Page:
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Measures To Lift Effluent Compliance

Media Release
6 March 2009


Fonterra today announced new measures to assist its farmer shareholders meet Regional Council rules for effluent management. The new Effluent Improvement System has the explicit goal of cutting significant non-compliance by 50 per cent by August 2011.

Fonterra plans to re-direct staff resource to help in providing advice to the minority of farmers who have been identified as needing support. The company is also introducing a milk payout deduction system for those who receive an infringement notice or prosecution for an effluent offence from a Regional Council.

Barry Harris, Chair of Fonterra’s Sustainability Leadership Team, said the new measures are being introduced because progress on effluent management is one area that continues to let Fonterra and its farmers down, threatening the image of New Zealand dairying and access to natural resources.

“Most of our farmers, despite complex rules and changing expectations, have made excellent progress in establishing robust effluent management systems,” said Mr Harris. “But others are experiencing difficulties in complying with Regional Council regulations and that level of non-compliance remains much too high.

“Despite our work in recent years with farmers, industry partners and Regional Councils, some 11 per cent of our farmers still seriously breach Regional Council regulations,” said Mr Harris. “For practically everyone in our industry, those levels are unacceptable.”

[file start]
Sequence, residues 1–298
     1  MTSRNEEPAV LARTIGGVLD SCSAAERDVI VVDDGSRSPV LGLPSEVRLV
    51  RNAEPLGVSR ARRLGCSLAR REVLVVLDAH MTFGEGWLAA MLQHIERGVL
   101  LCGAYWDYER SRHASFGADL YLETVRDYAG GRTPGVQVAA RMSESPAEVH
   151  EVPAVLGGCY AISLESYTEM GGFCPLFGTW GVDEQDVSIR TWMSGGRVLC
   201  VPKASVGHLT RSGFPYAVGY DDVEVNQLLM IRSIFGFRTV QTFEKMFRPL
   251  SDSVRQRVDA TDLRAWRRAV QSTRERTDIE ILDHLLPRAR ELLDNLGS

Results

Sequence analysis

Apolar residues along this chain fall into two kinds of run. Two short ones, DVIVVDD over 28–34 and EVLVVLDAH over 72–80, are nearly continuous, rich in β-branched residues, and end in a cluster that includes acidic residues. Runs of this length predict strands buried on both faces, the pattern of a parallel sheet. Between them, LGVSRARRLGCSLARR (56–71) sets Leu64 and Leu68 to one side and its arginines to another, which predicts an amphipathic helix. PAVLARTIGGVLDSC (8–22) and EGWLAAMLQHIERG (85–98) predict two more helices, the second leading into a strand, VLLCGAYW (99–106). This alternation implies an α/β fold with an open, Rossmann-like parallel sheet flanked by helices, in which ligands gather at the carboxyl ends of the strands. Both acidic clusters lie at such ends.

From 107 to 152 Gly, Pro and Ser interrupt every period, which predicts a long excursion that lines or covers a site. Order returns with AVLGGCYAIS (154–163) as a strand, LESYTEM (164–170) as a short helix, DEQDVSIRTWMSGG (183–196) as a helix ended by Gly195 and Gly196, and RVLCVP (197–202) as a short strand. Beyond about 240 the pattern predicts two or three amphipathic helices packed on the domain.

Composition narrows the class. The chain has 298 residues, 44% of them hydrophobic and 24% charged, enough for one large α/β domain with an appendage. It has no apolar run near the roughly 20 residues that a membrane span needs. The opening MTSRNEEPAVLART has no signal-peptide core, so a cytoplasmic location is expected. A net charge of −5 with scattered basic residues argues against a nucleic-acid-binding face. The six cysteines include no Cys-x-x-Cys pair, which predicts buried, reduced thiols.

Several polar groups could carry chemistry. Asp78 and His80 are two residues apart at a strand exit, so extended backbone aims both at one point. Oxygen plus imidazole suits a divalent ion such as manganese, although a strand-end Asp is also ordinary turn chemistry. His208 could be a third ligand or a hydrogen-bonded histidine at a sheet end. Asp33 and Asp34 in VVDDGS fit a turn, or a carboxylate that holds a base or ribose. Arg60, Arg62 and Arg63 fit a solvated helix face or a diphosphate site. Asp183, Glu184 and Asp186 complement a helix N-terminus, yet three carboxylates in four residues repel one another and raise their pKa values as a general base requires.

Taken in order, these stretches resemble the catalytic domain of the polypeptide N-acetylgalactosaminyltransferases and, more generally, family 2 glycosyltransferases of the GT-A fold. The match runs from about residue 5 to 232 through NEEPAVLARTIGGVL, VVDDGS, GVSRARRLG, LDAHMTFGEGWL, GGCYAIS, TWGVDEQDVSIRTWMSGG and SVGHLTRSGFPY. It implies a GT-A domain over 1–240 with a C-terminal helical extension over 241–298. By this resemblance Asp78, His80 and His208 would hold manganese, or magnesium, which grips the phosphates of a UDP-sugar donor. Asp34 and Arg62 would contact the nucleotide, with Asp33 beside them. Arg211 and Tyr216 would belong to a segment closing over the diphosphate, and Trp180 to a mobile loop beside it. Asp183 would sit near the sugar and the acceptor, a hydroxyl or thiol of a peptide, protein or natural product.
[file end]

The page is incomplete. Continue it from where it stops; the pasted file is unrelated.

Fonterra will have its team of Sustainable Dairy Advisors, with assistance from Area Managers, provide the ‘Farm Enviro Walk’ diagnostic tool (a trouble-shooting check list, developed by DairyNZ, to identify problems that might result in non-compliance). Fonterra, with the support of its Shareholders’ Council, is also introducing an effluent grading deduction system, for those persistent non-complying farmers.

The 2009/10 season is designed to give farmers the time to become familiar with the new system with emphasis on advice and the issue of an “advisory deduction”. It will also allow those farmers who struggle with Regional Council effluent rules to seek help and advice before financial deductions apply.

Farmers who then are subject to enforcement action from Regional Councils will incur a financial deduction from the 2010/11 season. This will be through a two-tier system: with a deduction of $1,500 being incurred for infringement notices and $3,000 for prosecutions. Farmers who spend that amount, or more, on improving their effluent management system, will be able to offset that sum against their expenses.

Fonterra’s major focus will continue to be on advising and assisting farmers who may be struggling to meet the required environmental standards, and to help all farmers minimise dairying’s impact on the environment. Mr Harris said the company is committed to doing everything it can to help farmers achieve acceptable levels of compliance by the August 2011 deadline.

“By implementing a tougher effluent management system we are not taking over the enforcement role of the Regional Councils,” said Mr Harris. “Instead, we are taking the steps needed to improve compliance rates, minimise dairying’s impact on the environment and protect the integrity of New Zealand dairy farming’s reputation.”


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